Cheng “Chris” Yan Kit (Hong Kong, AC 08-10)
How important is the problem of population in the eyes of Chinese leaders? ‘Any small problems will become a huge disaster when it is multiplied by 1.3 billion times, any significant achievements will become merely nothing when the fruit is shared by 1.3 billion people’- Wen Jiabao, the Premier.
The One-child policy is a population control measure adopted by China. Under this policy Han (the main race in China) couples are allowed to have one child only in the Chinese mainland, excluding Hong Kong, Macau and Taiwan.
Obviously the first controversy regarding this law is the issue of human rights – the policy is enforced, not advisory. This leads to a moral debate on whether people should be allowed to give birth. In addition, boys are important according to traditional Chinese values because they bear and pass on the family’s surname to the next generation. Therefore, baby girls are increasingly abandoned.
The ‘4-2-1’ syndrome is another issue unsettling Chinese society. It represents the family tree after the implementation of the one-child policy: 4 Grandparents, 2 Parents and 1 Child. It is an inverted triangle with a serious aging problem. Taking care of the elderly is a vital part of Chinese culture, and has always been stressed as such. Yet it is absurd to say that a low-income factory worker will be able to provide for 7 people. This is something expected of him as Chinese tradition demands that children, once grown up, should take care of their parents and even grandparents and should provide for them. However, as it is becoming harder and harder to do so children tend to become inconsiderate and rude. Without the presence of any siblings, all the love and attention is given to just one kid at home; people often mock these spoiled children as ‘little emperors’.
One more negative effect of the population structure is the resulting imbalance in the “sex ratio”. As mentioned, many families raise a boy instead of a girl; consequently, in mainland China there are many more males then females. It is to be expected that in the coming years there will be a severe shortage of wives, and subsequently, families! This may lead to serious social unrest.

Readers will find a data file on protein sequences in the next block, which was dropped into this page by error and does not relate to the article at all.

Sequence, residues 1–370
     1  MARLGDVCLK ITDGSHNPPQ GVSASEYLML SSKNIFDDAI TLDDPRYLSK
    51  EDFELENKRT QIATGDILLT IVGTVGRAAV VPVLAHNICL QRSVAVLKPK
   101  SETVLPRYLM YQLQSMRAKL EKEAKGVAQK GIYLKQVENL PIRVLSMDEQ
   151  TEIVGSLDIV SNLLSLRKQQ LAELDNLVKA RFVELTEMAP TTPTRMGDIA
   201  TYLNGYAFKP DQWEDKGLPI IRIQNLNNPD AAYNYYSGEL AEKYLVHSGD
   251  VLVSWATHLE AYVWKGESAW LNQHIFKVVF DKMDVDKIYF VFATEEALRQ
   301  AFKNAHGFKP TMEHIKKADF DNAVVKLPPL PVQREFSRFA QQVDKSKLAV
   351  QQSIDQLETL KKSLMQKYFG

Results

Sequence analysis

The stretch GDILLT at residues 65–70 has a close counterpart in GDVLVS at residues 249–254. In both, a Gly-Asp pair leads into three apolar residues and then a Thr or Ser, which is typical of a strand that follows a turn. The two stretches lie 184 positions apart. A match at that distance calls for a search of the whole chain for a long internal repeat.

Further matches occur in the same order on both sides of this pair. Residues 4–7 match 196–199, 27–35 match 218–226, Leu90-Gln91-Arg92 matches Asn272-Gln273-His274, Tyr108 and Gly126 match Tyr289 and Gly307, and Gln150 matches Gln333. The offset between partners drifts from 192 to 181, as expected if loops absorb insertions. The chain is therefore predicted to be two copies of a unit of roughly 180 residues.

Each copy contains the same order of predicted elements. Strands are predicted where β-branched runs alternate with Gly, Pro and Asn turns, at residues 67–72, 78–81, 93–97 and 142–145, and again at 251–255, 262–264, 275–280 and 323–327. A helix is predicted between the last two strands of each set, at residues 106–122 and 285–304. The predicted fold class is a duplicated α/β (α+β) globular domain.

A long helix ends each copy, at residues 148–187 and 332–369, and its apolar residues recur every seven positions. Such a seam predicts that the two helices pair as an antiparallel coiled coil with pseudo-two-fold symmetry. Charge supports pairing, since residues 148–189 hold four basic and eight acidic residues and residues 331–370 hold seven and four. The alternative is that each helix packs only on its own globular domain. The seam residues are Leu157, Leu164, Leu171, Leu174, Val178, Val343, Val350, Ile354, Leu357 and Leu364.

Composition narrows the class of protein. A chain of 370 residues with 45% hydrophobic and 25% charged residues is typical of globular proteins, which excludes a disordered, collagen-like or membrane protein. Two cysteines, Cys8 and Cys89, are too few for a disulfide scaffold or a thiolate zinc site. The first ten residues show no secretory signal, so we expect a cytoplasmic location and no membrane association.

Despite these apparent risks, why is the Government still adamant on continuing with the policy?
In the past, human resource has always been very important for agricultural states like China, but as industrialization takes place, China -a developing country- is bearing a heavy burden. More resources are being spent on her ever-increasing population at the expense of social structures. For example, if money is allocated to education and health care for the enormous number of children, there will be little investment left for economic development. The fact is that as long as living standards don’t improve, people would not change their minds and lifestyles to have fewer children. A vicious socio-economic cycle is hence created: More children => more resources consumed by larger population=> less money invested in economy => economically backward => Birth rates increase in a developing country => more children…
As time goes on, resources will be depleted at a faster and faster pace which will soon become unsustainable. The reality is that resources will be insufficient to feed everyone if population increases without intervention. The longer the cycle lasts, the more dangerous it will be to the society and the environment. A developed country naturally has a low birth rate, but before achieving that point China needs to break the vicious loop i.e. using compulsory birth planning to alleviate the problem. Other methods such as increasing women’s literary rate work too, but they are indeed impossible to carry out effectively within a few years in a gigantic and poor place like China.
In conclusion, it can therefore be said that the one-child policy is perhaps a necessary evil in China’s road to modernization; an evil in the present time but a necessity for her long term survival and progress.
– United World College Student Magazine –
How important is the population problem in the eyes of Chinese leaders?
Any small problems will become a huge disaster when multiplied by 1.3 billion, any significant achievements will become merely nothing when the fruit is shared by 1.3 billion people’- Wen Jiabao, the Premier.
The one-child policy is a population control measure adopted by China; under which Han (the main race in China) couples are only allowed to have one child in mainland China (this excludes Hong Kong, Macau and Taiwan).
Obviously the first controversy regarding this law is its alleged violation of human rights as the policy is enforced rather than being advisory. This leads to a moral debate on whether people should have the right to choose to give birth. In addition, boys are important in old Chinese values because they bear and pass on the family’s surname to the next generation. This leads to abandonment or neglect of baby girls.